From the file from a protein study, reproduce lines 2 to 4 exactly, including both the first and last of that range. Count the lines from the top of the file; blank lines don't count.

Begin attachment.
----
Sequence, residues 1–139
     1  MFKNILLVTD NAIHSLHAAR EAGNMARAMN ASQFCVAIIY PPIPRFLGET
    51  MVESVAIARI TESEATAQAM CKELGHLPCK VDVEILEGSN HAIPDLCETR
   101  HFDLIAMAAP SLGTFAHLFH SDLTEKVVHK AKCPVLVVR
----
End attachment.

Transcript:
     1  MFKNILLVTD NAIHSLHAAR EAGNMARAMN ASQFCVAIIY PPIPRFLGET
    51  MVESVAIARI TESEATAQAM CKELGHLPCK VDVEILEGSN HAIPDLCETR
   101  HFDLIAMAAP SLGTFAHLFH SDLTEKVVHK AKCPVLVVR